We all know there have been a significant number of changes to Facebook advertising over the last year. However, when I was looking for one place that fully outlines what all these changes are, I came up short. Let’s first review 2013 up to October 1st. Here’s a visual:

changes to FB Ads

Of these changes since January, I think the most important ones are Custom Audiences, Lookalike Audiences, and conversion tracking. The ability to load your own email list into Facebook and subsequently ask the platform to find you people that look like your customers is absolutely the most powerful layering tool to date on Facebook. It allows complexity in campaigns and further refinement allowing an almost unmatched marketing tool.

Additionally, conversion tracking finally helps track how your campaigns are doing on Facebook. You get to see how much your conversions are, what your cost-per-X is, and thus spend money where you’re actually making money. This also proves that Facebook finally accepts and understands the fundamentals of how advertisers are using Facebook. Some of us use it to sell product, some use it to sell and scale audiences and grow communities – and the pixel proves they’ll let us prove our worth as Facebook marketers.

1 Comment

  1. Sam February 12th, 2014

    Interesting read.

    I recently switched a campaign from CPC to CPM, but without changing anything the CTR plummeted thus the CTC soared!

    Duplicated campaign ran at the same time! Bizarre!?

    The only thing I can think is that I was since I’m running newsfeed ads it’s changing them to side bar ads?



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Andrew Foxwell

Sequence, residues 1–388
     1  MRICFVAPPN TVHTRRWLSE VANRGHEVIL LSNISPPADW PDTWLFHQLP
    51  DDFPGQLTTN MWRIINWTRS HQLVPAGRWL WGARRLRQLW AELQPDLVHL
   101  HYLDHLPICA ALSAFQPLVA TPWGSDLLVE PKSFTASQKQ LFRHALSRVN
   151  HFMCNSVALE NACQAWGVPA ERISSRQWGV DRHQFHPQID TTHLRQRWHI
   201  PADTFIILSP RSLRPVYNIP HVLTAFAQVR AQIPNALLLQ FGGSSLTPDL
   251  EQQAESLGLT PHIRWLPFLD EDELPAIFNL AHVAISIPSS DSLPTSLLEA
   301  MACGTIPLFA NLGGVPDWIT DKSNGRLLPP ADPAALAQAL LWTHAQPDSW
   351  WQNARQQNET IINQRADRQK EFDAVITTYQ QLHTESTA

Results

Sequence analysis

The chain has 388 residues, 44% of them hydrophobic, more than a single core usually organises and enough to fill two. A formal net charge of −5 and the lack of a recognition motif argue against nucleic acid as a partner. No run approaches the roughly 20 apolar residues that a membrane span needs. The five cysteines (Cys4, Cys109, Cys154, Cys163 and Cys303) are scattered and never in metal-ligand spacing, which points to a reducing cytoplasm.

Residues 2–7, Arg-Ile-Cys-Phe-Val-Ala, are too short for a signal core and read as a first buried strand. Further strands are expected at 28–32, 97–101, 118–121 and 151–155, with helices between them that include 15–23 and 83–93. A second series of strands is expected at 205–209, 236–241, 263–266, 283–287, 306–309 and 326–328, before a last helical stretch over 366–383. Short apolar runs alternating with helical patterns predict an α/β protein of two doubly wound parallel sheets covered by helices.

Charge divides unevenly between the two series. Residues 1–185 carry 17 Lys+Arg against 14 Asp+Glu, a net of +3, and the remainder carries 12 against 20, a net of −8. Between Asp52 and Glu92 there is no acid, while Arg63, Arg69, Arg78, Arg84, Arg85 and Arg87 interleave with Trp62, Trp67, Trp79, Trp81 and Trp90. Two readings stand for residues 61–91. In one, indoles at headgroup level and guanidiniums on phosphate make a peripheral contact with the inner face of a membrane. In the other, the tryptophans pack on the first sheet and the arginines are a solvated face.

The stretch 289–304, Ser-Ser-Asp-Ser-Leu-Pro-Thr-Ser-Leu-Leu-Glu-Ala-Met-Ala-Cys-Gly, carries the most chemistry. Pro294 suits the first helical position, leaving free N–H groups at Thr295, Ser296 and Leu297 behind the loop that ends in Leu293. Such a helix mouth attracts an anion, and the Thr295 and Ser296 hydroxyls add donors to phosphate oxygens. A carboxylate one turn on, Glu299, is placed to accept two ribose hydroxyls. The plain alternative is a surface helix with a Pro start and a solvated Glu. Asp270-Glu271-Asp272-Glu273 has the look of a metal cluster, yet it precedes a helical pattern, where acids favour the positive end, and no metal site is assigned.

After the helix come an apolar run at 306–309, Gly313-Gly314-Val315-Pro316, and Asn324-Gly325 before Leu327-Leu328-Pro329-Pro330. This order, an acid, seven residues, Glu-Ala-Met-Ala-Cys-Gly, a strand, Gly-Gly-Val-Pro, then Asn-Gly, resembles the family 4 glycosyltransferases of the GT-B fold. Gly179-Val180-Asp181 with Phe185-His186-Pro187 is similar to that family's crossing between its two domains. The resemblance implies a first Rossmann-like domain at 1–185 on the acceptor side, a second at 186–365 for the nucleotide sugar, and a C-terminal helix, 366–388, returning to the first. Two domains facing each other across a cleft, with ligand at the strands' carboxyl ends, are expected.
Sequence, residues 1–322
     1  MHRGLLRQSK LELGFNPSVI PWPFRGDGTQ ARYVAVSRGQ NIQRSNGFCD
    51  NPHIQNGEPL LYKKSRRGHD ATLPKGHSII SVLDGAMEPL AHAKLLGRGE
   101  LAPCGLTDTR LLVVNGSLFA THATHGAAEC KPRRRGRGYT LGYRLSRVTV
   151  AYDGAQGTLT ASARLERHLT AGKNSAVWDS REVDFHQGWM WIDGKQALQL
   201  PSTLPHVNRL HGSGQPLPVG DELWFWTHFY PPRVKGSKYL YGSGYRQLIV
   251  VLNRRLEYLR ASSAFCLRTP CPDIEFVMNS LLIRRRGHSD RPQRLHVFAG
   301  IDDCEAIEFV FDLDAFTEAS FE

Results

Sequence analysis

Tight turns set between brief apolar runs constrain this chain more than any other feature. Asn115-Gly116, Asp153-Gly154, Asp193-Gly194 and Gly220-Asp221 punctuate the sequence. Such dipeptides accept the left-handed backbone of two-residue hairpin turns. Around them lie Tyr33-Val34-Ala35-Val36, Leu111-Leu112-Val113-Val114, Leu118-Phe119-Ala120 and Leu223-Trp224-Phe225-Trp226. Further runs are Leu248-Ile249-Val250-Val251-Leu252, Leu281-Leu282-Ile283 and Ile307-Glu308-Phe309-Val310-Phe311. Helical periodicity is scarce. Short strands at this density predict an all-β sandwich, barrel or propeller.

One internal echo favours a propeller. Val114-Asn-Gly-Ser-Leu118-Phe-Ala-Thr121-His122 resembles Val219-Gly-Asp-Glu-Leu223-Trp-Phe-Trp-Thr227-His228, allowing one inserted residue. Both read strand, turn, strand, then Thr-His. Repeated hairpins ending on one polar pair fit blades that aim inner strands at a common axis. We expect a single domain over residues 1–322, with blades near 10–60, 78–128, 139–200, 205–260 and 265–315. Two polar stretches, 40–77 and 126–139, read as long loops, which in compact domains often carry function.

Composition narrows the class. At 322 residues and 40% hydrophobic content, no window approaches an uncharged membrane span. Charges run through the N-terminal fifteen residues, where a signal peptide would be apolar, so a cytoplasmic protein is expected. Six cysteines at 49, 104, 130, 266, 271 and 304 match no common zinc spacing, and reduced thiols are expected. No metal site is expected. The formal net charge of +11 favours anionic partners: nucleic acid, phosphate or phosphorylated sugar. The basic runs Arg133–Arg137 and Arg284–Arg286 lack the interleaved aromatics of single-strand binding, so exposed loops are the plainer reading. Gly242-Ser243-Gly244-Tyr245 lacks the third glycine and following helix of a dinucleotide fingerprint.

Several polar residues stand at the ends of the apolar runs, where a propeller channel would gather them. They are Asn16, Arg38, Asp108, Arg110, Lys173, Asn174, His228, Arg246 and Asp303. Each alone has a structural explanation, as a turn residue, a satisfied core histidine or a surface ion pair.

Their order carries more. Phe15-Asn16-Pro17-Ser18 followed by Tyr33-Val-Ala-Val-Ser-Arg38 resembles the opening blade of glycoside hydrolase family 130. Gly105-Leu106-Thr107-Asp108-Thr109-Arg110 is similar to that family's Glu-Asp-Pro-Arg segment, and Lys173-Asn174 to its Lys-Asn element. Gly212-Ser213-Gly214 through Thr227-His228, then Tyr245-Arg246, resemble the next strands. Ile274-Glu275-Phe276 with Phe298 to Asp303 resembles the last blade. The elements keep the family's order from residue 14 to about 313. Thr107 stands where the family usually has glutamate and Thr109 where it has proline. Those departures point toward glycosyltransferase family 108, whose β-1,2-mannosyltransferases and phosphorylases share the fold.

Andrew Foxwell grew up on a farm in western Wisconsin, where his Macintosh Quadra 610 with its lightning fast 28.8K dial-up connection first sparked his interest in digital marketing. After graduating from St. Olaf College, Andrew went to work as a digital director for a U.S. Congressional campaign, which led him to Washington, DC to work as a press secretary/new media director for a U.S. Congressman. Recognizing an opportunity for improved digital communications between members of Congress and their constituents, Andrew founded and managed the social media marketing agency within iConstituent, the leading online communications firm working with Congress. Andrew worked with members and staffs from both sides of the aisle to deepen much needed Congressional dialogue, improve constituent services, and create a more effective 21st century democracy. Andrew then took his diverse skillset to Silicon Valley where he directed the social media division of 3Q Digital, a full-service online marketing firm. There he tripled the agency’s social media client base, managed a team of account managers and production professionals, and oversaw an average monthly revenue growth of more than 20% while working with companies like Square, Fitbit, Eventbrite, 23andMe, Citrus Lane and more. Andrew is the CEO and Co-Founder of Foxwell Digital, a digital creative agency that works with clients as diverse as small-town cafes to multi-million dollar start-ups. Find him @andrewfoxwell and foxwelldigital.com.